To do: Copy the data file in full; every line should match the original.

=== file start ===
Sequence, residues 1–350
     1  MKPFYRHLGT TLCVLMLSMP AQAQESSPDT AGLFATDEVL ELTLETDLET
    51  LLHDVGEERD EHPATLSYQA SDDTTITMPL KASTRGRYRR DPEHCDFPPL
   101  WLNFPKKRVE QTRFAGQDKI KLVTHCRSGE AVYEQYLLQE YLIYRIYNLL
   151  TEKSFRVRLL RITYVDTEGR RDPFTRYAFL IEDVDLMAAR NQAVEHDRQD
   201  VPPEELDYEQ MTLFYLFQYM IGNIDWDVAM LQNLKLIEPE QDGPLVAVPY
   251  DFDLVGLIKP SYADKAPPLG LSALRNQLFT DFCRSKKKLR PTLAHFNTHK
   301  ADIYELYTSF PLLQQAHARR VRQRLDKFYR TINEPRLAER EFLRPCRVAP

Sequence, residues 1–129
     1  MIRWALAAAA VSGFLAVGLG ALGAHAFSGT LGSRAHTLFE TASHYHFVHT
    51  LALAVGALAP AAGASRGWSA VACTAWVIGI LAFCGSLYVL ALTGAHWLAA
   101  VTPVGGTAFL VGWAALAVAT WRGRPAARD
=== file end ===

Sequence, residues 1–350
     1  MKPFYRHLGT TLCVLMLSMP AQAQESSPDT AGLFATDEVL ELTLETDLET
    51  LLHDVGEERD EHPATLSYQA SDDTTITMPL KASTRGRYRR DPEHCDFPPL
   101  WLNFPKKRVE QTRFAGQDKI KLVTHCRSGE AVYEQYLLQE YLIYRIYNLL
   151  TEKSFRVRLL RITYVDTEGR RDPFTRYAFL IEDVDLMAAR NQAVEHDRQD
   201  VPPEELDYEQ MTLFYLFQYM IGNIDWDVAM LQNLKLIEPE QDGPLVAVPY
   251  DFDLVGLIKP SYADKAPPLG LSALRNQLFT DFCRSKKKLR PTLAHFNTHK
   301  ADIYELYTSF PLLQQAHARR VRQRLDKFYR TINEPRLAER EFLRPCRVAP

Sequence, residues 1–129
     1  MIRWALAAAA VSGFLAVGLG ALGAHAFSGT LGSRAHTLFE TASHYHFVHT
    51  LALAVGALAP AAGASRGWSA VACTAWVIGI LAFCGSLYVL ALTGAHWLAA
   101  VTPVGGTAFL VGWAALAVAT WRGRPAARD